1. It is found by the lower Courts, that the plaintiffs held the disputed land in jote, and were ousted by the defendants in April 1285 (1878) without any notice. It is also found, that they had not, before ouster, acquired a right of occupancy. The defendants are owners of a fractional share of the estate in which the lands lie, but they claim an exclusive right to them as their zerat. The suit was dismissed by the first Court, while the lower Appellate Court, reversing that judgment, has awarded a decree, on the ground that the plaintiffs could not be legally evicted without a reasonable notice.
2. It has been contended before us, that a ryot not having a right of occupancy may be evicted at the end of the year without a notice. No doubt, a ryot holding under a patta having a fixed term may be evicted without notice at the end of the fixed term. But that is not the case here. The plaintiffs allege that their father obtained a patta for one year, viz., 1179 (1871-72), and they were allowed to hold over till Assin 1285 (October 1877), when they were dispossessed. This patta was rejected as not established, by the Munsif, but the Appellate Court has expressed no final opinion regarding it, although it is inclined to believe its genuineness.
3. But, in the opinion of the Appellate Court, this point was immaterial. The lower Appellate Court is right in that view; because, so far as the point raised in the case is concerned, there is no difference in the law between the position of a ryot holding without a patta, or that of one holding over after the expiry of the term of a patta.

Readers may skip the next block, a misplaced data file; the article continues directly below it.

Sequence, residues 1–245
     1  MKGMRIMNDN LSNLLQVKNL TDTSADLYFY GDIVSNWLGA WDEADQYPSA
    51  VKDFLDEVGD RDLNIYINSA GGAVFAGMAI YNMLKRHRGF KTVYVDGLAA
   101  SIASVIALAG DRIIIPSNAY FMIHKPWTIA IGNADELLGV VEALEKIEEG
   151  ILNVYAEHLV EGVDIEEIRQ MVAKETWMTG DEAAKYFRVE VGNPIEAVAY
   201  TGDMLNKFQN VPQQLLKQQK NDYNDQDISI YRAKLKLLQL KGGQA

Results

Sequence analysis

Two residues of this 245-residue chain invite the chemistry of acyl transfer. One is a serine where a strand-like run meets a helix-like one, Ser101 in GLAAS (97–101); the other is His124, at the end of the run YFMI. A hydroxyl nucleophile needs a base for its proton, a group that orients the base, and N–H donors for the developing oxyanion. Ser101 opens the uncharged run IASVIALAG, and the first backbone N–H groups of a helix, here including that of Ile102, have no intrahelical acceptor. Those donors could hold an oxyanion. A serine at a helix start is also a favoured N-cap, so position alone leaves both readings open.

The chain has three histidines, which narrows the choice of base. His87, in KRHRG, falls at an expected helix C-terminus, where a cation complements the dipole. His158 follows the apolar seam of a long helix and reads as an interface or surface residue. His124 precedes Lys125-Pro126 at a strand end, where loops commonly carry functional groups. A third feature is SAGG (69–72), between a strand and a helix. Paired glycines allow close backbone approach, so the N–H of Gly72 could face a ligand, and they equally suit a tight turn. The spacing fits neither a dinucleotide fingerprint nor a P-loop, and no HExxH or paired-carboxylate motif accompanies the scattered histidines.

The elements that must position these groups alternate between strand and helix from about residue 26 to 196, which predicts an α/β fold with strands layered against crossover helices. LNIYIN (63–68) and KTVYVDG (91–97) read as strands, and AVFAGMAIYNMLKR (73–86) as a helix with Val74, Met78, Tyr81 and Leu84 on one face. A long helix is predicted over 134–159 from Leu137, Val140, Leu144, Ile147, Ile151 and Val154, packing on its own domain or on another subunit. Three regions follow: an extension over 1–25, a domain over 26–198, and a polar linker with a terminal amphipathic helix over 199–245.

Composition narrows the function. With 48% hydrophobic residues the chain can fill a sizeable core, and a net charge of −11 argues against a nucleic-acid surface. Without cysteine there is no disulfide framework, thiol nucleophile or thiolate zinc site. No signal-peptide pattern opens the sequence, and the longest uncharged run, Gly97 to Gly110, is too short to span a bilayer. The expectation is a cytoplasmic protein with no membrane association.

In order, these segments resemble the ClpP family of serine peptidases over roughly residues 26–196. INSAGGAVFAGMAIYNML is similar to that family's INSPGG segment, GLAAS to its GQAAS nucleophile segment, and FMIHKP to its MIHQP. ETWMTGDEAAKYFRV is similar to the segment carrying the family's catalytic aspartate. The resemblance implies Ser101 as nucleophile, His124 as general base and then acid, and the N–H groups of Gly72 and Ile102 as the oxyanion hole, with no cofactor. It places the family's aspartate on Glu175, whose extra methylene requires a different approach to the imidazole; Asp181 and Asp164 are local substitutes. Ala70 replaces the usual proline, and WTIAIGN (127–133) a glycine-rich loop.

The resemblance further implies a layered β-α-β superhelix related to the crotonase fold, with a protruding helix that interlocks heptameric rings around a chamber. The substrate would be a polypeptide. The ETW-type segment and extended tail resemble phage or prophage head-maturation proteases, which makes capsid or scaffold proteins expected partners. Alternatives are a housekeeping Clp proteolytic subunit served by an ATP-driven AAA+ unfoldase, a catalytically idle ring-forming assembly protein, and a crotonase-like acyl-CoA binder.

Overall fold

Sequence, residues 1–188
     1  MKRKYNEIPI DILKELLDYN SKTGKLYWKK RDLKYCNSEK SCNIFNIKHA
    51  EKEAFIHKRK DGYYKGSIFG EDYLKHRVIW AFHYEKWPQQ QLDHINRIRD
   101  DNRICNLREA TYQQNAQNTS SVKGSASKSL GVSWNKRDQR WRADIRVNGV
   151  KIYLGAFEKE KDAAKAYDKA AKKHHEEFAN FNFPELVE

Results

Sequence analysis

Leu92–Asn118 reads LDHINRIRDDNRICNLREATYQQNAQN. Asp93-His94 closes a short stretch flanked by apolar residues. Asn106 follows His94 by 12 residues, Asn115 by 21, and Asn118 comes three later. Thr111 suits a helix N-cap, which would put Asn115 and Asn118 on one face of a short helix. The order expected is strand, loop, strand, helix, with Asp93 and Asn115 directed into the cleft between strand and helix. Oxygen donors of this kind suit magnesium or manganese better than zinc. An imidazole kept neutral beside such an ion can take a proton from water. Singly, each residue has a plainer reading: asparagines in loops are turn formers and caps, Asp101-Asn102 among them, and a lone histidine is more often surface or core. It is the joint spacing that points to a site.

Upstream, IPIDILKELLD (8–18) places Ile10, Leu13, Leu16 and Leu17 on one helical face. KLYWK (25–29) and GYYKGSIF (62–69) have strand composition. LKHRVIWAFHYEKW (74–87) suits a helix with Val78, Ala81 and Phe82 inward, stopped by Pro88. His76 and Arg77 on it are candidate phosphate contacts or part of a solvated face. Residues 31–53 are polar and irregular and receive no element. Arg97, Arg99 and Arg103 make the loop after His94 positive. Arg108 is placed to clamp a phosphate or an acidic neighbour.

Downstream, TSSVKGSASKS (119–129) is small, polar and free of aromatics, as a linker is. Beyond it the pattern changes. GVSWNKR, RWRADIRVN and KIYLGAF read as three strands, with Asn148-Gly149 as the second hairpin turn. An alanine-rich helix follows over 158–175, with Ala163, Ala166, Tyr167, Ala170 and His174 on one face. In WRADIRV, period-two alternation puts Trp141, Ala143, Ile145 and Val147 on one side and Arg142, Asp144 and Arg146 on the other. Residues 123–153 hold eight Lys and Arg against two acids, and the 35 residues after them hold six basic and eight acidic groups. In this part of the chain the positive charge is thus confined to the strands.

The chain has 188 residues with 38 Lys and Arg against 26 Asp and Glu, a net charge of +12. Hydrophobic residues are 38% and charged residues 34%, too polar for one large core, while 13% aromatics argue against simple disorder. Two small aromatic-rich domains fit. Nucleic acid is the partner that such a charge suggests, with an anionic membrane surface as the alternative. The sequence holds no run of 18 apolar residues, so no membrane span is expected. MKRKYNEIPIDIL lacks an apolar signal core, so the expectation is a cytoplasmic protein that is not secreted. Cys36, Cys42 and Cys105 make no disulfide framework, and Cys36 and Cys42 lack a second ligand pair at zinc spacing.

4. The lower Appellate Court mainly relies upon the Pull Bench decision in Rajendronath, Mookeerjee v. Raseedur Ruhoman Khundkar (25 W. R., 329). But what is decided in it is, that a suit for possession cannot be treated as a notice in the case of a ryot entitled to a notice to quit. But however, in Ram Khelawun Singh v. Mussamut Soondra (7 W. R., 152), the point was decided in accordance with the view taken by the lower Appellate Court.  We also think that the view of the law taken by the lower Appellate Court is deducible from the provisions of Section 20 of Beng. Act VIII of 1869, which lays down that ryots like the plaintiffs cannot relinquish without a notice to the landlord. In our opinion it follows from this, that a landlord cannot evict such a tenant without a notice; because, in order to justify an eviction without a notice, it must be held that the tenancy, unless renewed, comes to an end at the end of the year. But if that were so the ryot could throw up the land without a notice.
5. The relation of landlord and tenant cannot be said to have ceased so far as the landlord's right to evict is concerned, but not with reference to the ryots' right to relinquish. But it seems to us, that the relationship does not come to an erjcl at the expiration of each year, without some act on the part of the landlord and tenant jointly, or of either.
6. If the law were otherwise, the ryots would have been placed in a very disadvantageous position. It is generally the case that ryots of this class derive their livelihood from cultivation only.
7. If they were liable to be evicted without notice at the end of the year, they would find in many cases, great difficulty in obtaining a suitable quantity of land for cultivation from other zamindars.
8. On the whole we think that the lower Appellate Court has laid down the law correctly. The appeal is dismissed with costs.